The Inside-Out Prison Exchange Program allows those in prison who never dreamed of going beyond high school to achieve that seeming impossibility. It is rehabilitative, character-changing and confidence-building. It has been shown to reduce crime and violence.
This is a beautiful photo essay by Steve McCurry, a worldwide photographer. It is called “Afghanistan: A Look Back.” Subscribe to his blog to get these kinds of posts by email.
I was moved by this tragic love story between a Vietnamese bargirl (Kim) and an American GI (Chris). The context is the Vietnam War and it (in part) demonstrates how f****d war and all associated with it can be. It has a beautiful, powerful musical score. Below are two songs, “The Movie in My Mind” and “Sun and Moon,” with lyrics:
They are not nice, they’re mostly noise
They swear like men, they screw like boys
I know there’s nothing in their hearts
But every time I take one in my arms
The movie in my mind
The dream they leave behind
A scene I can’t erase
And in a strong GI’s embrace
Flee this life
Flee this place
The movie plays and plays
The screen before me fills
He takes me to New York
He gives me dollar bills
Our children laugh all day
And eat too much ice cream
And life is like a dream
The dream I long to find
The movie in my mind
I will not cry, I will not think
I’ll do my dance, I’ll make them drink
When I make love, it won’t be me
And if they hurt me, I’ll just close my eyes
And see they are not nice, they’re mostly noise
The movie in my mind they kill like men, they die like boys
The dream that fills my head they give their cash, they keep their hearts
A man who will not kill but every night again it starts
Who’ll fight for me instead
He’ll keep us safe all day
So no one comes at night
To blow the dream away
The dream I have to find
The movie in my mind
And in a strong GI’s embrace
Flee this life
Flee this place
A world that’s far away
Where life is not unkind
The movie in my mind
You are sunlight and I moon
Joined by the gods of fortune
Midnight and high noon
Sharing the sky
We have been blessed, you and I
You are here like a mystery
I’m from a world that’s so different
From all that you are
How in the light of one night
Did we come so far?
Outside day starts to dawn
Your moon still floats on high
The birds awake
The stars shine too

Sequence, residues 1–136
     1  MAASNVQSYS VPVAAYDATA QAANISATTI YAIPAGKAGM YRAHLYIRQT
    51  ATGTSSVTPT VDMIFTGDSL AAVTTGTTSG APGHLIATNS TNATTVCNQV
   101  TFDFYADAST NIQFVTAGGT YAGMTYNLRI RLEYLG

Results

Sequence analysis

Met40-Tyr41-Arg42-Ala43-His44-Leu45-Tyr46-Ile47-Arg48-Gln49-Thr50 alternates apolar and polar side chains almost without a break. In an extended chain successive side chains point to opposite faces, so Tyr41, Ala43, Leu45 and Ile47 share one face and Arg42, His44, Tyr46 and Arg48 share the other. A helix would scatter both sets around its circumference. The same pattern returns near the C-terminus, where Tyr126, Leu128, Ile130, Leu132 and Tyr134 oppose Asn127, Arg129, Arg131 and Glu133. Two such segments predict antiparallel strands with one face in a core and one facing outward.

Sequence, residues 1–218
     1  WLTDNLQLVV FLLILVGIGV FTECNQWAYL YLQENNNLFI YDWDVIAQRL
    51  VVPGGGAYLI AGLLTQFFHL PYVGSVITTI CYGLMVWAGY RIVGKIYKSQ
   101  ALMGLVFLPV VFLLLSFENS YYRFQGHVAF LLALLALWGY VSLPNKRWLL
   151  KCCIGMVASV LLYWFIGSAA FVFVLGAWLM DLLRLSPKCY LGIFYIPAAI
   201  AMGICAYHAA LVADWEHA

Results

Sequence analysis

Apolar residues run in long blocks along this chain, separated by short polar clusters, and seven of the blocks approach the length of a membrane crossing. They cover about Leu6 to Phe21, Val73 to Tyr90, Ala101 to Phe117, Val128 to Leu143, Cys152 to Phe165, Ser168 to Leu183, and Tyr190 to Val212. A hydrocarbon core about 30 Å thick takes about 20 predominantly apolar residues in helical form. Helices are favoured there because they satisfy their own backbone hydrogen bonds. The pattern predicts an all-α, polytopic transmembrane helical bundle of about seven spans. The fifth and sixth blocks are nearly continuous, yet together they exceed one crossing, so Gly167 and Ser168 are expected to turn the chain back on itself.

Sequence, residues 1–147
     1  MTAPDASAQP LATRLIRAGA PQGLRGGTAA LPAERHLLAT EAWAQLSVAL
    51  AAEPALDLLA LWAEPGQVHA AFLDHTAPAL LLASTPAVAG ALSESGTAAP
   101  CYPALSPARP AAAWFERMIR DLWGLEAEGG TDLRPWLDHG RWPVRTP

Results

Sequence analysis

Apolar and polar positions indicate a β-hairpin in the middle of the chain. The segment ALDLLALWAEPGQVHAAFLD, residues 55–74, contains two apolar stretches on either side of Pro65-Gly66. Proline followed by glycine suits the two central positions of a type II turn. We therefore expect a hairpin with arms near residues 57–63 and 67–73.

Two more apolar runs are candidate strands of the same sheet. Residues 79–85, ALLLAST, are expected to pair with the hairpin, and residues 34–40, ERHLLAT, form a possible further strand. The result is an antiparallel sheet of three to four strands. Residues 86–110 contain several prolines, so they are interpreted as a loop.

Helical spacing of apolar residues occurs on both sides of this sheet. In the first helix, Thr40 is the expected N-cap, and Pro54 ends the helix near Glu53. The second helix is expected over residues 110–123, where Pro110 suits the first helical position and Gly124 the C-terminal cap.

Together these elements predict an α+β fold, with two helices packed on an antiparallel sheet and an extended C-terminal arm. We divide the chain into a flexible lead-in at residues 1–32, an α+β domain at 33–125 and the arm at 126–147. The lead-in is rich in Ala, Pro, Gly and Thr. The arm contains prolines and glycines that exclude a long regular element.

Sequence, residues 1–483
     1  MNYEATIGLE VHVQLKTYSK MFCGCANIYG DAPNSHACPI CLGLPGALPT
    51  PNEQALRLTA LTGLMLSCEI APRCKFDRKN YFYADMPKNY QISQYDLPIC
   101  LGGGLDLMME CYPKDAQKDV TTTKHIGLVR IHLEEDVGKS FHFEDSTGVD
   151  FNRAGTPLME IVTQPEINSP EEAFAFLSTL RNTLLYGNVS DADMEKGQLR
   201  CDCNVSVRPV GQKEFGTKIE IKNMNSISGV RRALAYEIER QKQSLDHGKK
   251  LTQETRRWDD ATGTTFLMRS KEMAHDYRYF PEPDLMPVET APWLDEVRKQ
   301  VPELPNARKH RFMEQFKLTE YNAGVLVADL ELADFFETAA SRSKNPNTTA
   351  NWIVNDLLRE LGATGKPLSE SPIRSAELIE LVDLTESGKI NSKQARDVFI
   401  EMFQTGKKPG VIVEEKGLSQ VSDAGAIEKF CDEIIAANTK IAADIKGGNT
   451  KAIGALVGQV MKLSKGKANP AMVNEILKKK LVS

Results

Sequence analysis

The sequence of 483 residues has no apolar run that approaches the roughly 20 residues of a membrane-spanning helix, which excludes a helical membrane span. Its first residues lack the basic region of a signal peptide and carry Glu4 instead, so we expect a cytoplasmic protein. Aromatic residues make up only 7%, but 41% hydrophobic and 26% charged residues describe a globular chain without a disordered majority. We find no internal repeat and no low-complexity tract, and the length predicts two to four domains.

My hands still shake
I reach for you
And we meet in the sky!
You are sunlight and I moon
Bright’ning the sky
With the flame
Tomorrow will be the full moon
I can bring friends to bless our room
With paper unicorns and perfume
If you want me to
Unicorns? sure. . .
Human violence is not biological. Check it out!
Here’s an article on the subject. It begins like this:
“It is scientifically incorrect to say that we have inherited a tendency to make war from our animal ancestors … that war or any other violent behaviour is genetically programmed into our human nature … [and] that humans have a ‘violent brain’.”
These are the ringing words of the ‘Seville Statement on Violence’, fashioned by 20 leading natural and social scientists in 1986 as part of the United Nations International Year of Peace, and later adopted by the United Nations Educational, Scientific and Cultural Organization (UNESCO). It was written to counter the pessimistic view that violence and war are inevitable features of human life.
The decades since have not been kind to these cherished beliefs. A growing number of psychologists, neuroscientists and anthropologists have accumulated evidence that understanding many aspects of antisocial behaviour, including violence and murder, requires the study of brains, genes and evolution, as well as the societies those factors have wrought. Continue here.
Here is a description of Seeds of Peace from the website:
What began in 1993 as a camp program with 46 Israeli, Palestinian and Egyptian teenagers has expanded into a global operation with offices in over ten cities around the world and over 4,000 young leaders (“Seeds”) working for peace.
Eighteen years of conflict resolution programming has produced an impressive cadre of Seeds working in international affairs, politics, business, medicine, nonprofit and media.
“Since wars begin in the minds of people, it is in the minds of people that the defenses of peace must be constructed.” -UNESCO Constitution (1945)
On January 30, 1972, British troops opened fire on unarmed and peaceful civilians in Derry, Ireland during a civil rights march. Riveting performance.
“Peace is not simply the absence of war. It is not a passive state of being. We must wage peace, as vigilantly as we wage war.” -Dalai Lama
I love the idea of philanthropist Kathryn W. Davis, who dedicated $1 million for 100 Projects for Peace. I also love that the word “peace” is not defined, and left to the individual(s) to creatively interpret. There are so many projects created by so many creative young people, and the best part is that the proposals and reports are accessible by clicking on the title of the project. Here is one college president’s opinion:
“…if the 100 Projects for Peace stimulated as much initiative across other campuses as it did here, it can be declared a success already – it is a wonderfully conceived catalyst for public service in the best sense of the word.”
Here is another more informative article on the situation in Sudan. An excerpt:
On Sunday, after decades of war and more than two million lives lost, southern Sudan will get the moment it has been yearning for, a referendum on independence. All signs point to the people here voting overwhelmingly for secession, and the largest country on the continent will then begin the delicate process of splitting in two.